Being fit requires the customized combination of exercise, lifestyle habits, and nutrition program for each tennis player. Nutrition for tennis players is arguably one of the most important things you must know if you are really serious about your tennis.
Importance of Proper Tennis Nutrition
Proper nutrition refers to two aspects, namely:
- Balanced nutrient-dense diet filled with healthy food items
- Nutrient timing (i.e., what to eat and when to eat it) in particular.
One without the other will be detrimental to your athletic performance during the match itself. For example, you must adopt a healthy diet designed for maximum athletic performance. The bottom line is if you want to improve your tennis performance, proper nutrition will help you achieve your goals faster!
Planning for Proper Tennis Nutrition
It is safe to assume that most professional tennis players have nutritionist planning their diets to improve tennis performance at every level of competition. Fortunately, amateur tennis players can take a page out of their books by keeping these tennis nutrition tips in mind:
• Incorporate all of the macronutrients and micronutrients necessary for optimum athletic performance including their healthy food and beverage sources.
1. Carbohydrates provide fuel for the muscles through energy production, which is essential during high-intensity physical activity such as during tennis matches. It must be noted that while the liver and muscles store carbohydrates as glycogen, their storage capacity is limited. When the stores of carbohydrates are inadequate to meet the tennis player’s requirements, the results are early fatigue, reduction in immune system function, and impaired competition performance.
Indeed, carbohydrates are the foundation of good nutrition for tennis players. Generally, tennis players will require 3.1 to 4.5 grams of carbohydrates per day for every pound of body weight. But it can change depending on the number of hours you are playing tennis - 1 to 2 hours of play requires 2.7 to 3.6 grams, 3 hours of training means 5 grams, and 4 or more hours requires 5.5 to 5.9 grams.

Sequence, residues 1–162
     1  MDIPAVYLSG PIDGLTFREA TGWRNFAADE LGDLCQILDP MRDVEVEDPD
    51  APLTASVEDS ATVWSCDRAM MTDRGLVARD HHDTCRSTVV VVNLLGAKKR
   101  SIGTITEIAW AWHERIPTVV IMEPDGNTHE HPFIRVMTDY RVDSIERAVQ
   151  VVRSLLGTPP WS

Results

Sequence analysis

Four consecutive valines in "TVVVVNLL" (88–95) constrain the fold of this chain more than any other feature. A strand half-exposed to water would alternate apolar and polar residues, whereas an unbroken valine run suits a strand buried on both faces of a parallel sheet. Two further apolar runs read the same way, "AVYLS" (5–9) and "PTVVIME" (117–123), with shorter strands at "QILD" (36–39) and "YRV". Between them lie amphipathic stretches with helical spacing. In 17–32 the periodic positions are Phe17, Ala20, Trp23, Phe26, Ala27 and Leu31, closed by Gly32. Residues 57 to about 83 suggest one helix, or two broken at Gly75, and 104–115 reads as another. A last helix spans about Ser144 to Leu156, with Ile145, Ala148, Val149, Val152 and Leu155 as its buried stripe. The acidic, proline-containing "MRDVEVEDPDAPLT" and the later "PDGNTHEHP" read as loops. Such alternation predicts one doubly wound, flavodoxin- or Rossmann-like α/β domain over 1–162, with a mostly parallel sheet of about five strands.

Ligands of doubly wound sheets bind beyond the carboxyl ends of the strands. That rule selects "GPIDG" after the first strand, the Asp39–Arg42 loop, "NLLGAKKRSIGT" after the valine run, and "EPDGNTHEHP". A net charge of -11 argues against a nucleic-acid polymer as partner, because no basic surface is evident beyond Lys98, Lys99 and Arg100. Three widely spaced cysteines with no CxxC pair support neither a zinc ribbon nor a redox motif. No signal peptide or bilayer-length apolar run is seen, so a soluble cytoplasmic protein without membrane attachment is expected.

2. Fats may contribute nearly 75% of the body’s energy demands during high-intensity activity like tennis but the caloric intake from fat should only be 20-25%. If you are on a 2,500-calorie daily diet, then your healthy fat intake should be 55-70 grams equivalent to 2 tablespoons peanut butter, 1 ounce nuts, 8 ounces lean meat/fish/poultry, and 2 tablespoons salad dressing.
But be sure to eat only the good sources of fat including nuts (not eanuts), seeds and fatty fishes as well as plant oils like olive oil and canola oil.
3. Proteins are used for building and repairing tissues, muscles and red blood cells as well as for synthesizing hormones. It is, thus, necessary for tennis players to take the recommended amount of proteins - 0.6 to 0.9 multiplied by your weight in pounds for the required grams of protein from meat, fish, and eggs – for these reasons.
I recommend drinking a high-value protein drink after your game. You will then be able to recover quickly from the high-intensity demands of your match so much so that you may be ready for the next one.
4. Vitamins are necessary for the body to perform specific functions while minerals are important components of hormones, enzymes, and haemoglobin, among others.
5. Dietary fiber adds bulk to food and assists in the absorption of minerals. Be sure to include plenty of vegetables and fruits in your meals.